Early advocates of No Child Left Behind (2001) are beginning to wonder now what they have gotten America’s children into. Diane Ravitch and Linda Darling-Hammond both strong proponents of what NCLB could have been are now coming forward with serious reservations about the effects of the law of the land upon children, teaching and learning. Ravitch (2010) in her book The death and life of the great American school system: How testing and choice are undermining education, describes how NCLB has not met its goals of heightened reading, writing, and mathematics learning in our children – replaced with the ‘one size fits all’ testing mentality which rewards and punishes schools based upon scores on objective tests. Unfortunately this system does not take into account school differences such as location, socioeconomic status, resources, antecedents of student environment and home, etc. The ‘equality’ of the law – that it applies to all American schools – actually encourages inequity. The very schools in need of the vast resources of the Department of Education are indeed left behind. This sentiment is also echoed in Darling-Hammond’s (2010) book entitled The flat world and education: How America’s commitment to equity will determine our future.
And other than anecdotal information about individual schools here and there, no research-based study over that last ten years has confirmed any statistical difference in reading, writing, or mathematics scores for Grades 3, 5 and 8 within the timeframe of the NCLB act to the present. And yet, we continue to pour into a container that not only leaks, but cascades its contents into the sand.
What we have going on here are two discourses about what education is all about – one founded in a behavioral understanding focused on academic achievement, and another all but forgotten voice, that of human development. Thomas Anderson (2006) compared these two approaches to teaching and learning in his book The best schools – How human development research should inform educational practice, disclosing his ‘grave concern that pressures on students at all levels to achieve academically are causing educators to ignore the true developmental needs of children and adolescents’ (p. 4). Further, he comments that we must ‘regard the optimal and natural development of children and adolescents as our most sacred duty as educators and our ultimate legacy to humanity’ (p.5). Thus, as I tell my young charges in early childhood, there are two key principles of humane pedagogy: teach children in line with their nature, and ignore child development to your peril.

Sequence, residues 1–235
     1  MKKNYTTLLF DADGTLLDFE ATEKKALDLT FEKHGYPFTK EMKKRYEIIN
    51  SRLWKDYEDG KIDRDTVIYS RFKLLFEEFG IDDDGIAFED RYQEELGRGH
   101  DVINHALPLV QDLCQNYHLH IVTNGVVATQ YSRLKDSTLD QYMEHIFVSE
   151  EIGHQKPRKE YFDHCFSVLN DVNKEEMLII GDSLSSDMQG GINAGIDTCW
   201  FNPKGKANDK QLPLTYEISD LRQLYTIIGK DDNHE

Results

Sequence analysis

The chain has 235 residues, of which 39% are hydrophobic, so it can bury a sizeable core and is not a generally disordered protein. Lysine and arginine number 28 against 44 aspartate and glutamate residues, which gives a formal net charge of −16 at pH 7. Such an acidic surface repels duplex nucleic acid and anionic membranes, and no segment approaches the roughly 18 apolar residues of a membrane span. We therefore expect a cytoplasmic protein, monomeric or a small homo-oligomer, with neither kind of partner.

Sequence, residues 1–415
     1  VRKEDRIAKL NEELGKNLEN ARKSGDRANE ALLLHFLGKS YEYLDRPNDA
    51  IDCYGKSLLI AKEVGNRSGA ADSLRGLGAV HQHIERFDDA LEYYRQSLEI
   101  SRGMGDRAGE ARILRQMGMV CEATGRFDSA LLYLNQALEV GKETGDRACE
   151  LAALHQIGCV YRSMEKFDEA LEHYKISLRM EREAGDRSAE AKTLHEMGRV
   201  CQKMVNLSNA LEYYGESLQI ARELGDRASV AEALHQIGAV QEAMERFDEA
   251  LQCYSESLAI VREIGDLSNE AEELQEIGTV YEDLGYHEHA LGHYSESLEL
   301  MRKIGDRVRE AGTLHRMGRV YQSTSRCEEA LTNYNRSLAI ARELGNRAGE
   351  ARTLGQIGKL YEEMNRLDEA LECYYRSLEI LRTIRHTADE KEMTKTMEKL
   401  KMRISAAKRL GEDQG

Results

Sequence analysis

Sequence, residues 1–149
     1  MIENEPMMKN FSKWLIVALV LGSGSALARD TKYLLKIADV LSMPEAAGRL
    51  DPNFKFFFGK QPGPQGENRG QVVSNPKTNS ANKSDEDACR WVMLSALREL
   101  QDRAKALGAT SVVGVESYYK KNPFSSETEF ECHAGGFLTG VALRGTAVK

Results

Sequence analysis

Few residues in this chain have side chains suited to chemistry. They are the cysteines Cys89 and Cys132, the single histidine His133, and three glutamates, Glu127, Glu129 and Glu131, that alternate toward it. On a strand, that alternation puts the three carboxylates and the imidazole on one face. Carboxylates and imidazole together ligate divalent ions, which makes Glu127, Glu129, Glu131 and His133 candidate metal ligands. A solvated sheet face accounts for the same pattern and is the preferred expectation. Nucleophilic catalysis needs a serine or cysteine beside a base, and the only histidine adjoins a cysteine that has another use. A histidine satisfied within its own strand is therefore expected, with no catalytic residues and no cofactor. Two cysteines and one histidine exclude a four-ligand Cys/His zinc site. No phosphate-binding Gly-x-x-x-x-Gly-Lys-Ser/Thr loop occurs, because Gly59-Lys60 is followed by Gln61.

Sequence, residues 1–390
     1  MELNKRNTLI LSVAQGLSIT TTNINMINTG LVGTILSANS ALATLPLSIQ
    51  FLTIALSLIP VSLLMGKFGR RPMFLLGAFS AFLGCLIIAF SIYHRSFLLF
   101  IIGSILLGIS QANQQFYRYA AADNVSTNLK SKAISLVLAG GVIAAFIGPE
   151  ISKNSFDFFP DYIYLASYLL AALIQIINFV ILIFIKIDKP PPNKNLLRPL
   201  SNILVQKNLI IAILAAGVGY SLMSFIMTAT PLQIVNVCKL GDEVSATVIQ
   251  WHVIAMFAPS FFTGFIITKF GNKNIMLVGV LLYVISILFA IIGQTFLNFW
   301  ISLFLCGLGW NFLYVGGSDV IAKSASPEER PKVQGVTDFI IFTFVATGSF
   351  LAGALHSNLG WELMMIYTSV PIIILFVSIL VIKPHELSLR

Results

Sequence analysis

Then I walk into a Kindergarten classroom where children should be actively engaged in all kinds of enriching and meaningful play and learning, and what do I see? Children at tables or desks completing one pencil and paper activity after another, names on the board for punishment, and a disheveled teacher attempted to bring order to little boys who have embraced their limbic systems in a love tussle because their frontal lobe is overfull. NCLB has mandated that Kindergarten implement a curriculum and set of demands that once came with First Grade. In one sweeping gesture, our two key principles above have been eliminated from the conversation, and a generation of young children sits by themselves at lunchtime. Sadly, when asked about how the developmental levels of children were being addressed in the classroom, the teacher responded by telling me to consult the Kindergarten curriculum standards. Was she even aware of the attention spans of young boys, the need to intersperse inspirational and disciplinary work, or how to attend to the unique socioemotional needs of the early learner?